“Most of the stores downtown; that would be the solution. A really easy wooden ramp which could be pulled out,” she said.
Brulotte recently had a friend visit from the United States, who is also wheelchair-bound. She couldn’t wait to show him many of the iconic spots around town, including La Grande Fromage as well as Big Bang Bagels. However, his aid had to haul him over the steps in his manual chair. This would not be possible in a motorized chair which can weight upwards of 500 pounds on their own. Brulotte said her friend was blown away by the lack of accessibility in Fernie.
Courtemanche also believes a lack of accessibility exists, and says it affects many groups of people. He said that Fernie has an aging population, and believes they are being forgotten about and ignored.
According to Patrick Sorfleet, Manager of Planning with the City of Fernie, barrier-free design is mandatory for all new buildings under the B.C. Building Code. The difference in the downtown core, is when you have pre-existing buildings. It is standard practice in B.C. Building Code, that if an owner builds a house today, and the building code changes in 10 years, they are not required to change their home. Only when an occupancy is changing, is a business required to upgrade to the current code (eg. retail shop to restaurant). Because the B.C. Building Code is a provincially regulated system, it is not something the City can regulate or go above. However, a business can take the initiative to upgrade to a barrier-free entrance of their own free will. Every case is specific, and the City encourages any business interested in looking into this matter to contact the City of Fernie.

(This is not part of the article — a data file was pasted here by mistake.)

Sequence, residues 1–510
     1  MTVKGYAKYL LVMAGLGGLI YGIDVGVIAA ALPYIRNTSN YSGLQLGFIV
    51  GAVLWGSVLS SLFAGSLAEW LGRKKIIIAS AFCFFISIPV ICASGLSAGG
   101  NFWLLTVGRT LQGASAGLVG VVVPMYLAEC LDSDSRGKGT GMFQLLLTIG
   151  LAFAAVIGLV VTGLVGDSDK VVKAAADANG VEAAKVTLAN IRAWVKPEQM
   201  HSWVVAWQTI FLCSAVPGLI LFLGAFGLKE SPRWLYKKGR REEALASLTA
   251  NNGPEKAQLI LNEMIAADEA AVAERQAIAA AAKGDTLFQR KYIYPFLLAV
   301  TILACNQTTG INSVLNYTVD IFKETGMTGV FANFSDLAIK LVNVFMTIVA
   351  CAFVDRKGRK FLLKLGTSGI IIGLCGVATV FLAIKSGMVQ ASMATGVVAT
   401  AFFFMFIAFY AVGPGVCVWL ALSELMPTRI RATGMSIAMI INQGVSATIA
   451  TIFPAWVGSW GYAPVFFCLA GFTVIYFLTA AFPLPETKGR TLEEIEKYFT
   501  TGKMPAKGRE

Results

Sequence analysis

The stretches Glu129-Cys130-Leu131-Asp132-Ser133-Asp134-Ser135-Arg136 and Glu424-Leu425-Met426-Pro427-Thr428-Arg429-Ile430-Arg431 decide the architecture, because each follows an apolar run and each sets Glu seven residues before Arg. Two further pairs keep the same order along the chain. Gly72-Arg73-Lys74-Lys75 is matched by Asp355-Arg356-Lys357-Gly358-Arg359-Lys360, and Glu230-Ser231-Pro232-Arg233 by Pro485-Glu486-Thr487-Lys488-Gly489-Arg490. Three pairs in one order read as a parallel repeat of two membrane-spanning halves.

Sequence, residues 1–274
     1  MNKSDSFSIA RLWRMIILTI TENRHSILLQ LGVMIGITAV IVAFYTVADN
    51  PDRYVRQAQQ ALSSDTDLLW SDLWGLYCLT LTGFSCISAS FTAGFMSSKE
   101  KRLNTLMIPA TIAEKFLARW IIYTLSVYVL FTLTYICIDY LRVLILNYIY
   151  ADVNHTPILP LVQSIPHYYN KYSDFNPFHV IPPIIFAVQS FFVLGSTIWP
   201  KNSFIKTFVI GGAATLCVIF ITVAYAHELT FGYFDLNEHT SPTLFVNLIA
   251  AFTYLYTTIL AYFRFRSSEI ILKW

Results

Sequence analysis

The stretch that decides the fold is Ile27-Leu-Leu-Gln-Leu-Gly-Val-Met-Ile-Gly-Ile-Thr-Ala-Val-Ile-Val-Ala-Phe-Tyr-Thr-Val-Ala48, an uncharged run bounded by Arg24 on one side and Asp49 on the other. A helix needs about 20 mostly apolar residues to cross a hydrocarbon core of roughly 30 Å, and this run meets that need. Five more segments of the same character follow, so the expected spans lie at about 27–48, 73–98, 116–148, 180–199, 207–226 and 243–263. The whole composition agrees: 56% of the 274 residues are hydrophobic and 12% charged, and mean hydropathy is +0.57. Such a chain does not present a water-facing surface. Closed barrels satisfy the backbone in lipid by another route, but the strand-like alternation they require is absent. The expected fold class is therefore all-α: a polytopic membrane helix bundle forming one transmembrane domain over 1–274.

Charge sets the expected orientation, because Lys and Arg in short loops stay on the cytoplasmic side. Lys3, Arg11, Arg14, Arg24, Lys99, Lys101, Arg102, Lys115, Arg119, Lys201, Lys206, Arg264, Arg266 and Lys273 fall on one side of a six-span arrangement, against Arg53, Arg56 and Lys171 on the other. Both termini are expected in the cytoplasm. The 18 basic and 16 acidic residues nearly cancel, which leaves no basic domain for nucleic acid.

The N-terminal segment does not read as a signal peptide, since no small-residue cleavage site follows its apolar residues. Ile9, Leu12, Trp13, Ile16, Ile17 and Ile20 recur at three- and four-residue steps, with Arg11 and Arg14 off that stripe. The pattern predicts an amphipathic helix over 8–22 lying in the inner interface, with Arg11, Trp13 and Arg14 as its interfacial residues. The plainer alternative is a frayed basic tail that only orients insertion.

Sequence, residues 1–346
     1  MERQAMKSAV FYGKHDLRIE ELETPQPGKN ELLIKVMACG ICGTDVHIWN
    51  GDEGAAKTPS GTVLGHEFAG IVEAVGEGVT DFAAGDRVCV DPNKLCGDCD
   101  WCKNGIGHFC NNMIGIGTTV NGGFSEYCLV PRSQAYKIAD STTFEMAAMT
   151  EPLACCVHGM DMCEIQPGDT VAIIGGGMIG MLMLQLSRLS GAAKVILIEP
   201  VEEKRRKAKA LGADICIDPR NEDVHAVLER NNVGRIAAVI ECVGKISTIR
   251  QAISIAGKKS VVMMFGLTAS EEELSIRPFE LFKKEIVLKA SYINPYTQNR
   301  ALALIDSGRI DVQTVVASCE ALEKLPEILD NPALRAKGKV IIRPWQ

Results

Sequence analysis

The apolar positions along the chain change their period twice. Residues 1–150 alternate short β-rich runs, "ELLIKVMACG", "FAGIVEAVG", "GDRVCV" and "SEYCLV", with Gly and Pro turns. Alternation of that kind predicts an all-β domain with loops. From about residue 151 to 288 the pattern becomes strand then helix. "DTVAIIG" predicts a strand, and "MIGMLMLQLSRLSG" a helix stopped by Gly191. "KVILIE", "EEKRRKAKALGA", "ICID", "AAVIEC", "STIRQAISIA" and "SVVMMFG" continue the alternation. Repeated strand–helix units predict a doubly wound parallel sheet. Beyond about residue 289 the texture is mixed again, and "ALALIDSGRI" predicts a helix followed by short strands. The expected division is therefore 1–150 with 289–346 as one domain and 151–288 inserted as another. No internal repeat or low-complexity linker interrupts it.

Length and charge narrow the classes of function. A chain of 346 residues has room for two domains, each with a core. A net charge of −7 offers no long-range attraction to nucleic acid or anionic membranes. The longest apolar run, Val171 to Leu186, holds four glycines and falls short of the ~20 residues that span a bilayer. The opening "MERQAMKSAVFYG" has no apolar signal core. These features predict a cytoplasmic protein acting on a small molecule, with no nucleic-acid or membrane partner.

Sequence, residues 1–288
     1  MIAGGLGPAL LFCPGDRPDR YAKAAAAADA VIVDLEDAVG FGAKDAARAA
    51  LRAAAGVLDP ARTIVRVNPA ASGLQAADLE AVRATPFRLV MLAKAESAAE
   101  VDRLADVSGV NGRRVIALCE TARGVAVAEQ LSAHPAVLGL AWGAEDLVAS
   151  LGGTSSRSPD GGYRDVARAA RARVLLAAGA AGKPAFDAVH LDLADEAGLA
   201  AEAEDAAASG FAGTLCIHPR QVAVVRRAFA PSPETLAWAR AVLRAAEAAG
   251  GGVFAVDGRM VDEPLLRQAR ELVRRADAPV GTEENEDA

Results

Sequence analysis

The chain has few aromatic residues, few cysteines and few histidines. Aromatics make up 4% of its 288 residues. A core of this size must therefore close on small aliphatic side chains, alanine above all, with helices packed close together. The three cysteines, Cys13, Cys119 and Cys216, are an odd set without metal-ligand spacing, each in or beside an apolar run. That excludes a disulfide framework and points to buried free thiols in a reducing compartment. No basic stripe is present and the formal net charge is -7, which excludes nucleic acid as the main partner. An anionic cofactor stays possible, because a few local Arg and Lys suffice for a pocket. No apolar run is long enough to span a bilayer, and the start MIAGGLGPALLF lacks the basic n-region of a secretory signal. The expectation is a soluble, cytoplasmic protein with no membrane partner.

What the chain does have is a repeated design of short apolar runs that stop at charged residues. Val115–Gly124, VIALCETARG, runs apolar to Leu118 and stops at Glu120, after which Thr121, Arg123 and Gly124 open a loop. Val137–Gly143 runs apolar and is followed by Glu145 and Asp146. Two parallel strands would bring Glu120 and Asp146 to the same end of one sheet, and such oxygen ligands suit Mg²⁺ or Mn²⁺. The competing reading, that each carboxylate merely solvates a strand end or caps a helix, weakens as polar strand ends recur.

Brulotte believes there are many misconceptions surrounding the issue of accessibility.
“People have said to me, ‘well, we don’t see a lot of disabled people around Fernie, you might be one of the only ones.’ And I say yeah, there’s a reason you don’t see people with disabilities downtown.”
According to a 2013 Disability Consultation Report by the Government of British Columbia: Moving Together Toward an Accessibile B.C., about 546,760 people in B.C. identify as having a disability which represents 14. 8 per cent of British Columbians over 15 years of age.
“If things were to change, you would see a lot more of us coming out and being more active in the community.”
She believes an important step in solving this is first of all, recognizing that accessibility is an issue in town, as well as recognizing that it wouldn’t take much to fix it.
Brulotte has remained in Fernie despite these limitations because of her love for the town, its people, and her deep family roots.
The young local was the muscle behind the creation of the Fernie Adaptive Skiing program, of which there are 21 members.
The Fernie Trails Alliance is looking to create an adaptive trail system in the future, which Brulotte believes will attract a whole new demographic of tourists to Fernie. More information on this will be posted as this project progresses.